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I am fairly new to Regular Expressions and practicing a little with Notepad++. I am trying to extract some stock related data from Yahoo but somewhat lack the experience. Maybe somebody could give me a hand. It would be highly appreciated.

An example of what I try to parse is:

<strong>230.00</strong></a></td><td class="yfnc_tabledata1"><a href="">AMZN121026C00230000</a></td><td class="yfnc_tabledata1" align="right"><b>9.35</b></td><td class="yfnc_tabledata1" align="right"><span id="yfs_c10_amzn121026c00230000"><img style="margin-right:-2px;" src="op_files/up_g.gif" alt="Up" border="0" height="14" width="10"> <span class="yfi-price-change-green">0.35</span></span></td><td class="yfnc_tabledata1" align="right">9.25</td><td class="yfnc_tabledata1" align="right">9.40</td><td class="yfnc_tabledata1" align="right">3,857</td><td class="yfnc_tabledata1" align="right">1,041</td></tr><tr><td class="yfnc_tabledata1" nowrap="nowrap">

I basically try to extract the numbers 230.00, 9.35, 0.35, 9.25, 9.40, 3,857, 1,041. What What I managed so far is:


But it is really slow. Is that correct so far?

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Generally, parsing HTML with regex is a bad idea.... – SomeKittens Oct 26 '12 at 19:56
Can you be more specific? Specifically, can you identify what you have done to demonstrate the the regex is slow vs. your connection to Yahoo, etc? Also, what are your expectations for performance here that aren't being met (and what led you to those expectations)? – jheddings Oct 26 '12 at 19:57
Use an HTML parser for whatever language/platform you normally use. – Oded Oct 26 '12 at 19:59
Use a DOM/HTML Parser. – SomeKittens Oct 26 '12 at 19:59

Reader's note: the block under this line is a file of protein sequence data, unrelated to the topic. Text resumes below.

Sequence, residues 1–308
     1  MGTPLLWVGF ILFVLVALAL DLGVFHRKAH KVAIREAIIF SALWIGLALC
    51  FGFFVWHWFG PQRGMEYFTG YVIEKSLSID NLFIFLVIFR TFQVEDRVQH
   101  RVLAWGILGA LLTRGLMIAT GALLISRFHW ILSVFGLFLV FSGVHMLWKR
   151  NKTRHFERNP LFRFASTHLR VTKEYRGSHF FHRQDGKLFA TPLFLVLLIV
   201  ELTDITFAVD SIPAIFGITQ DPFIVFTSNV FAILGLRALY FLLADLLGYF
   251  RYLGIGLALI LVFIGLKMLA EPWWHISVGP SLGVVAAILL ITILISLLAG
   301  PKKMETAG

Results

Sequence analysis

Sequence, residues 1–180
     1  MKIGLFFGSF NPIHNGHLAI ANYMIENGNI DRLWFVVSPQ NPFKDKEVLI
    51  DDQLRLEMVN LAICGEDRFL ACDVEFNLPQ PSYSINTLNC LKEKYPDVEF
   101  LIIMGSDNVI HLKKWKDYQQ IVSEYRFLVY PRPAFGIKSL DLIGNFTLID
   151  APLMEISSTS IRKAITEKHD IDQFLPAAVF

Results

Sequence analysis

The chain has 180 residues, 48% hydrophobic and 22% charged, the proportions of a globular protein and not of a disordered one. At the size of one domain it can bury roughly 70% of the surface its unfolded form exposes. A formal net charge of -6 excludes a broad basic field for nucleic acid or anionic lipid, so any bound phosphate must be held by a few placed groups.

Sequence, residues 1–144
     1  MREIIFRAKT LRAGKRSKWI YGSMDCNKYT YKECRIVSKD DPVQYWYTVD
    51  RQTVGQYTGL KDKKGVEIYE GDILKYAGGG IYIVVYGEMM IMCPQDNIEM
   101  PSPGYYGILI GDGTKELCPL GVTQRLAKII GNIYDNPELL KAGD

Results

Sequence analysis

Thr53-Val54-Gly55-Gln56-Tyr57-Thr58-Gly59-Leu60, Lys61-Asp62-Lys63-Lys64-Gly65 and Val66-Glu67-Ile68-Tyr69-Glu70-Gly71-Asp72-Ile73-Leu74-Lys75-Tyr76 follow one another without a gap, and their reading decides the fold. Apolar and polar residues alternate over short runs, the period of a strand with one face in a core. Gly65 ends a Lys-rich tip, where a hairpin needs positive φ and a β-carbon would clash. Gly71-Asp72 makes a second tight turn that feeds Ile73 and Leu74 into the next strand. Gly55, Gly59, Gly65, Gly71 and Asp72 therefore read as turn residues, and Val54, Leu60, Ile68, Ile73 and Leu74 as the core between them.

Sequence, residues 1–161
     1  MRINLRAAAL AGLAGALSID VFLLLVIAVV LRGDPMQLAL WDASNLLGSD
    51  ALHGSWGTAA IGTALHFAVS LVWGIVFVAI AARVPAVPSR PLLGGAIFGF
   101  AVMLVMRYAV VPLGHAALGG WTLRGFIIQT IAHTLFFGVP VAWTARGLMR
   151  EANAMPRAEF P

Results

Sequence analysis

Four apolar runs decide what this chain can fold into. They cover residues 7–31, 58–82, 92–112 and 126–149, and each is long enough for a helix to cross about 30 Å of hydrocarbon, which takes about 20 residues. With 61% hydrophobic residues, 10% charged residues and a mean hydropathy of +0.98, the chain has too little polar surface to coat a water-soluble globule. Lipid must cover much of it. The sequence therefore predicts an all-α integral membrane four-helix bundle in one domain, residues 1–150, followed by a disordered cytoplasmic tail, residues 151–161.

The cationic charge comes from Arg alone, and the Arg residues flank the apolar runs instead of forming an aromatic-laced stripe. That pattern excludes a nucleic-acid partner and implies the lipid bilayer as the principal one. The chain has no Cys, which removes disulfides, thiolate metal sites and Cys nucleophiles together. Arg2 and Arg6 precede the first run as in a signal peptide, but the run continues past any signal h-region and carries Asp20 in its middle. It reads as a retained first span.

@IshKumar And why would arbitrarily escaping things that don't need to be escaped improve performance (/<>, none of these characters have to be escaped)? If anything, it would make it marginally worse. – NullUserException Oct 26 '12 at 20:10

2 Answers 2

up vote 0 down vote accepted

a possible faster variant could be (?<=>)(\d{1,3}(?:,\d{3})*+(?:\.\d+)?)(?=<) it only matches only the numbers between > and < an ignores the rest...

but keep in mind, like SomeKittens said: "Generally, parsing HTML with regex is a bad idea...."

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Thank you very much. It is working perfectly. I will keep the warning in mind. – user1778108 Oct 26 '12 at 20:34
How about >([\d.]+)< ? – user1778108 Oct 26 '12 at 20:43
nope. Dot in square brackets makes no sense and this way you wont find values above 999 – bukart Oct 26 '12 at 20:46
Ah. Sorry. I meant >([\d\.]+)< – user1778108 Oct 26 '12 at 21:04


You can have this example, will match the tag and its number so you can do whatever you want with them. You can even filter by tag changing [a-z]+ by (span|b|td|whatever)

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